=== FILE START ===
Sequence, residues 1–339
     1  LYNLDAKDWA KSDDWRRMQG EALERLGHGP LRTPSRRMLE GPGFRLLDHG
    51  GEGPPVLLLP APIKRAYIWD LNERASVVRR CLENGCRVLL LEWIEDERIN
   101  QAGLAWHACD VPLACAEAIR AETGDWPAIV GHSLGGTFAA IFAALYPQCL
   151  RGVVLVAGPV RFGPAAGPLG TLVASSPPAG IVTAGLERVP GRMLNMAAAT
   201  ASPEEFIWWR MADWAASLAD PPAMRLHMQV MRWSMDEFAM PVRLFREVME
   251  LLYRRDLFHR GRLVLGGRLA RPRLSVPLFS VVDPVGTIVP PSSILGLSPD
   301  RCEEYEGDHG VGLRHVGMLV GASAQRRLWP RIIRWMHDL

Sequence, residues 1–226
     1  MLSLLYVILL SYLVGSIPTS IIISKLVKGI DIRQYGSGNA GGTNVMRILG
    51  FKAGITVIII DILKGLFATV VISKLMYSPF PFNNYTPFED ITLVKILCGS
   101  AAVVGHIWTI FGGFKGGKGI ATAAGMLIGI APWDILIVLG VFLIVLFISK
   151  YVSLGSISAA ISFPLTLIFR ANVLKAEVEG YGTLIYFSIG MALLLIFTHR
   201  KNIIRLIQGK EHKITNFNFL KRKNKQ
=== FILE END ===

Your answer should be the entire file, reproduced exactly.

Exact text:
Sequence, residues 1–339
     1  LYNLDAKDWA KSDDWRRMQG EALERLGHGP LRTPSRRMLE GPGFRLLDHG
    51  GEGPPVLLLP APIKRAYIWD LNERASVVRR CLENGCRVLL LEWIEDERIN
   101  QAGLAWHACD VPLACAEAIR AETGDWPAIV GHSLGGTFAA IFAALYPQCL
   151  RGVVLVAGPV RFGPAAGPLG TLVASSPPAG IVTAGLERVP GRMLNMAAAT
   201  ASPEEFIWWR MADWAASLAD PPAMRLHMQV MRWSMDEFAM PVRLFREVME
   251  LLYRRDLFHR GRLVLGGRLA RPRLSVPLFS VVDPVGTIVP PSSILGLSPD
   301  RCEEYEGDHG VGLRHVGMLV GASAQRRLWP RIIRWMHDL

Sequence, residues 1–226
     1  MLSLLYVILL SYLVGSIPTS IIISKLVKGI DIRQYGSGNA GGTNVMRILG
    51  FKAGITVIII DILKGLFATV VISKLMYSPF PFNNYTPFED ITLVKILCGS
   101  AAVVGHIWTI FGGFKGGKGI ATAAGMLIGI APWDILIVLG VFLIVLFISK
   151  YVSLGSISAA ISFPLTLIFR ANVLKAEVEG YGTLIYFSIG MALLLIFTHR
   201  KNIIRLIQGK EHKITNFNFL KRKNKQ